Friday, March 26, 2010
Friday Finds 03/26/2010
It seems like I get around to doing Friday Finds about once a month so my list of books is a big long ...
Folly, by Laurie R. King - found at the author's blog - "Folly is the story of a woman who builds her house, and herself, under circumstances that straddle the line between drear and dire: her family lost, her blood chemistry ruled by antidepressants, a woman to whom extreme solitude is a positive alternative to the life she leads. Her decision is based on the feeling that, contrary to Dunne, a woman can be an island: bleak, solitary, silent. But, surrounded by other islands."
Mare's War, by Tanita S. Davis - found at Stuff As Dreams Are Made On - "Mare’s War is the story of a journey. Of a pair of journeys really. One journey is a car trip cross country that two young African American girls, Tali and Octavia are taking with their grandmother, Mare. The other journey is the story that their grandmother tells them. And what a beautiful, tragic, strong, admirable, courageous, and ultimately humbling story it is. But Tali and Octavia don’t see it that way at first. [...] But they take the journey with her and learn with her. Mare grew up on a farm [...]. When the opportunity came for Marey (Mare’s name) to go off to war, a new opportunity for women of color, she signed up and left, promising her sister a better life for the two of them. What unfolds in Mare’s story is an awe inspiring story, a story that likely many women of color actually shared in the 40’s. Something that I was not aware of before reading this book!"
The Disappeared, by Kim Echlin - found at Fizzy Thoughts - From the publisher: "A searing, fiercely beautiful love story for the ages, The Disappeared — already a best seller in Canada — traces one woman’s three-decades-long journey from the peaceful streets of Montreal to the humid, war-torn villages of Cambodia, as a brief love affair turns into a grand passion of loss, mourning, and remembrance, set against one of the most brutal genocides of the twentieth century." from Softdrink: "Please, read this book. It will break your heart, but you’ll forgive it because of the beauty of the writing and the things it makes you think."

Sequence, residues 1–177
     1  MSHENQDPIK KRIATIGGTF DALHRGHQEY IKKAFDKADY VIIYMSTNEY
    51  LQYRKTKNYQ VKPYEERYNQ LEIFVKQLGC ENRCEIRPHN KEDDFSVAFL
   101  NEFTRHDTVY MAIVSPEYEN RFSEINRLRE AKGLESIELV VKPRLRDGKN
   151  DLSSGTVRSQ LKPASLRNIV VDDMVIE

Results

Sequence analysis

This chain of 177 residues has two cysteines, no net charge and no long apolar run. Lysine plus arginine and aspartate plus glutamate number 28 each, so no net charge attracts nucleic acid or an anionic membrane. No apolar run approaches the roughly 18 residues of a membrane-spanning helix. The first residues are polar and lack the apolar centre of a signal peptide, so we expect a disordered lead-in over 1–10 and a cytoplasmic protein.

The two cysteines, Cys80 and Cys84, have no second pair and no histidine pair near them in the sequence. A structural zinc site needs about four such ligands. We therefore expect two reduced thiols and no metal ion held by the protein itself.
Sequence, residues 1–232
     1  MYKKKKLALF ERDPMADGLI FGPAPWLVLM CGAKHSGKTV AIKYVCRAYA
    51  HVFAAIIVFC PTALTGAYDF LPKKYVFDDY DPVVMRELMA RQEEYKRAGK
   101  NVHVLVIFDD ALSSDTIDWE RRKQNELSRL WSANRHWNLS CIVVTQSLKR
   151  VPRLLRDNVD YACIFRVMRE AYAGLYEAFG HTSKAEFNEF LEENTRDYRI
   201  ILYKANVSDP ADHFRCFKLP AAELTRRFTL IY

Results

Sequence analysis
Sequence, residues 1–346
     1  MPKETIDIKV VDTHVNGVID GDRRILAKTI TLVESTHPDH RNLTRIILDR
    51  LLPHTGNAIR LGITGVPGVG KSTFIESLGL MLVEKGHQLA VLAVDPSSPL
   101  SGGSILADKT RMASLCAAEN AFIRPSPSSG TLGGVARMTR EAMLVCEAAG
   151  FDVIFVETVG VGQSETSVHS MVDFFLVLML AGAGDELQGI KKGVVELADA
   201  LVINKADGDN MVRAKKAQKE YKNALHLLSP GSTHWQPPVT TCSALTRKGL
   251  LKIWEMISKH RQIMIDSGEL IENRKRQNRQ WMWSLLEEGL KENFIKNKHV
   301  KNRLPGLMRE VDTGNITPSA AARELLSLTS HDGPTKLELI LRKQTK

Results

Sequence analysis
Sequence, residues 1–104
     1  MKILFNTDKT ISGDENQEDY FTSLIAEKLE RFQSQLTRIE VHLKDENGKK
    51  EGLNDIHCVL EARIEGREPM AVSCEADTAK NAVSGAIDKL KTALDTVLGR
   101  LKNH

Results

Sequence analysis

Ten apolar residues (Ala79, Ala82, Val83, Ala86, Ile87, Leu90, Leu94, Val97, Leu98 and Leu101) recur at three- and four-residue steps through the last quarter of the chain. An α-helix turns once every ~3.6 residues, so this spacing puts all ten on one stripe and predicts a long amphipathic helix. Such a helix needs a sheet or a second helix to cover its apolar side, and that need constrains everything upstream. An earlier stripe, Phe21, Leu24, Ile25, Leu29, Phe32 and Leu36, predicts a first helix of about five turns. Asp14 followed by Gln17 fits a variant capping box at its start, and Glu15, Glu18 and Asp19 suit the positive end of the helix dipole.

Henrietta's War, by Joyce Dennis - found at Things Mean A Lot - According to Nymeth, this book "is a humorous epistolary novel set in a village in Devonshire during WW2. “Humorous?”, you might be thinking. “WW2?”. Well, yes. And unlikely though it may sound, it actually works rather splendidly. The story is told through the letters that Henrietta, a middle-aged woman, writes to her childhood friend Robert, who is fighting at the front. In these letters, she satirically describes life in her hometown during the war."
Long Way Home, by David Laskin - found in an email from Booktour.com - from the book summary: "When the United States entered World War I in 1917, one-third of the nation's population had been born overseas or had a parent who was an immigrant. At the peak of U.S. involvement in the war, nearly one in five American soldiers was foreign-born. Many of these immigrant soldiers—most of whom had been drafted—knew little of America outside of tight-knit ghettos and backbreaking labor. Yet World War I would change their lives and ultimately reshape the nation itself. Italians, Jews, Poles, Norwegians, Slovaks, Russians, and Irishmen entered the army as aliens and returned as Americans, often as heroes. [This book] traces the lives of a dozen men, eleven of whom left their childhood homes in Europe, journeyed through Ellis Island, and started over in a strange land."
Decoding the Universe, by Charles Seife - found at Twiga Tales - Regina says: "I was hooked from the moment I read the subtitle: "How the new science of information is explaining everything in the cosmos from our brains to black holes." How could I resist? Then I read the first line: "Civilization is doomed." Yep. This one was going to to be a winner. *grin*"
The Brain That Changes Itself, by Norman Doige - found at books i done read - Raych says: "This book will fascinate your pants off. You think I'm being metaphorical here but I suspect that this is how Dr Doidge picks up chicks, with the fascinating. I can't even begin to explain to you how geekily awesome it is, because my Geeko-Mc-Geek-a-meter broke about half a chapter in, and that is how I measure geek-awesome. So." Seriously people, if you don't read Raych's reviews, you are missing out!
Did any of these books catch your eye as well? What books have I missed hearing about in recent weeks?
For more Friday finds please visit Should Be Reading.